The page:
These cash shortages increase banks' funding costs, making it harder for them to lower lending rates
India's central bank has stepped up fund injections in the two months since Governor Raghuram Rajan pledged to gradually erase a cash deficit in the financial system, but commercial banks say it is still not enough for them to sharply lower interest rates.
The Reserve Bank of India has slashed rates by 150 basis points (bps) since the start of last year, bringing the policy rate to a five-year low of 6.50 per cent, but the country's banks have cut lending rates by less than half that, frustrating Rajan's efforts to revive weak private investment.
The issue will be front and centre at the Reserve Bank of India's (RBI) policy review on June 7, when Rajan is expected to leave rates on hold. He has made clear his focus will now be on ensuring that the aggressive rate cuts over the last year are fed through to the economy.
Bankers say that there is not enough liquidity in the market for them to lower rates and lend more freely while still being sure they can fulfil their liquidity requirements.
At the RBI's last review on April 5, Rajan committed to erasing the liquidity deficit to near zero. The central bank has since injected Rs 400 billion ($5.92 billion) via open market operation (OMO) bond purchases, which excludes Wednesday's ongoing auction for Rs 150 billion. Alongside, RBI bought around Rs 80 billion from foreign exchange interventions.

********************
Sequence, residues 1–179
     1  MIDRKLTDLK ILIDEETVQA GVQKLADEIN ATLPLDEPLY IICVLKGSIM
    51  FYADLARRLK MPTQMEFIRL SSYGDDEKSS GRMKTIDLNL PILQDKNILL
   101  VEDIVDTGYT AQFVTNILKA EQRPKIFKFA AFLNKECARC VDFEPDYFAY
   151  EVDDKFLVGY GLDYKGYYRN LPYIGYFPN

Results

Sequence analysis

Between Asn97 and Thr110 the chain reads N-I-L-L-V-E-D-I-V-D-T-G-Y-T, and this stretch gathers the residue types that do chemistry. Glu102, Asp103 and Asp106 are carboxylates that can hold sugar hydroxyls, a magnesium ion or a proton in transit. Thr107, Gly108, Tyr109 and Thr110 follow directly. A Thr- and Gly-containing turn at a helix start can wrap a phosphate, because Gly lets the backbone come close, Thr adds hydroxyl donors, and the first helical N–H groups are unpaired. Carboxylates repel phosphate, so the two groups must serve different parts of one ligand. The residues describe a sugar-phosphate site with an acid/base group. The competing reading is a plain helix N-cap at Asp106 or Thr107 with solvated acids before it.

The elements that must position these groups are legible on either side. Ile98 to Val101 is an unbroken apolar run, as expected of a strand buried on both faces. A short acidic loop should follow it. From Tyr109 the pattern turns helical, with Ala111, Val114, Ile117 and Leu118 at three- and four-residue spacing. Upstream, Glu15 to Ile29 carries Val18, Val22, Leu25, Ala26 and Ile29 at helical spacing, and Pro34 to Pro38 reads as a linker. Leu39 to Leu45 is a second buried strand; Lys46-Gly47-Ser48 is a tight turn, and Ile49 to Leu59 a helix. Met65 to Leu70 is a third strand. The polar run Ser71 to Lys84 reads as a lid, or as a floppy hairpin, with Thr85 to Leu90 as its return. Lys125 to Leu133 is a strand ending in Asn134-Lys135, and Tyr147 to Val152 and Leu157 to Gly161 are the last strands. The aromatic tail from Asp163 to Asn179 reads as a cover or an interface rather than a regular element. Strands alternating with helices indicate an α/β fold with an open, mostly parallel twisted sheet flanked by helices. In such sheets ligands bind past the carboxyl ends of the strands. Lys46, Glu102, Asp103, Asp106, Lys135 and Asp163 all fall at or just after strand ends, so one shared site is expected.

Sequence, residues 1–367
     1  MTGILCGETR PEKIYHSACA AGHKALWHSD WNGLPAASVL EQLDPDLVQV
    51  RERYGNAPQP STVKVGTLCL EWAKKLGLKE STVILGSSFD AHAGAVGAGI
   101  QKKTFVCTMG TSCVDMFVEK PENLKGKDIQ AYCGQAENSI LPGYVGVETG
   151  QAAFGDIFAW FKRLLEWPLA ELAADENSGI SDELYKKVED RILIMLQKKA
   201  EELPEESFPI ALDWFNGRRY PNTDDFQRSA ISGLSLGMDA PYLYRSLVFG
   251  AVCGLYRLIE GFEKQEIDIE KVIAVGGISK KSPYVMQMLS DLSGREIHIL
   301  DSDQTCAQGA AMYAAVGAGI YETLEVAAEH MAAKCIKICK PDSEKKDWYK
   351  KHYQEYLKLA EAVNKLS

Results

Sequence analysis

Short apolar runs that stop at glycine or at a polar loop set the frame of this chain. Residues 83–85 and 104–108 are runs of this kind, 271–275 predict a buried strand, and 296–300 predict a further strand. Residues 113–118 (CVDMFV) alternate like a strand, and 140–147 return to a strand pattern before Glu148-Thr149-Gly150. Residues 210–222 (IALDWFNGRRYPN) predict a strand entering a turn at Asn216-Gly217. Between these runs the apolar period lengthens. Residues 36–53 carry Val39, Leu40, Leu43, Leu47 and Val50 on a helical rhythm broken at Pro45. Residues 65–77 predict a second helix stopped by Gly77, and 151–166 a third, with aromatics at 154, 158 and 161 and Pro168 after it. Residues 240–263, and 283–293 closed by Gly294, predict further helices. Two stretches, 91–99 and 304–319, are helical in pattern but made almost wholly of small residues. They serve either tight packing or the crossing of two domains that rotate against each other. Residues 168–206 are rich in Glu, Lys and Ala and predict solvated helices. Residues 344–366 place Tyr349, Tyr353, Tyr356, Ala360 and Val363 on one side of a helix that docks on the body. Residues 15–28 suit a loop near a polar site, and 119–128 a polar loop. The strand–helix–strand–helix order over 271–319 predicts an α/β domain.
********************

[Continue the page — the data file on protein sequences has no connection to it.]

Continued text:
That should provide the market with enough liquidity for banks to lower rates and lend more, two RBI officials said.
But bankers say it is still nowhere enough, and that stripping out seasonal or temporary fluctuations India continues to have a daily core liquidity deficit of around Rs 1 trillion ($14.81 billion), little changed since the RBI's pledge.
These cash shortages increase banks' funding costs, making it harder for them to lower lending rates, according to bankers, who say they plan to press the issue with the RBI.
"Neutral liquidity needs to be achieved as quickly as possible," said Ananth Narayan, regional head of financial markets for ASEAN and South Asia at Standard Chartered Bank.
Yet the central bank fears injecting too much money into the system would spark inflation.
The amount of currency in circulation has already surged since October - largely due to spending related to recent state elections.
And cash withdrawals from banks hit Rs 17.5 trillion in the week ended May 13, the biggest weekly total in 15 years.
The RBI says the this money will at some point make it back into the financial system and that more cash injections now could result in excess liquidity.
"Basically, the focus is on inflation control," said one of the RBI officials.
Bankers believe the central bank can remove any excess liquidity via open market bond sales - something the RBI has been reluctant to do because it fears it would make inflation management more volatile. The RBI's last open market operation bond sale was in July 2015.
RBI officials note that short-term money rates have come down substantially since Rajan's liquidity pledge - with the 91-day treasury bill yield at 6.85 per cent, down from around 7.26 per cent before the April 5 review.
"The governor made an announcement 'we will provide liquidity', and OMOs are being conducted regularly," said a second official.
"Should blame come to the commercial bank or the Reserve Bank?
Photograph: Danish Siddiqui/Reuters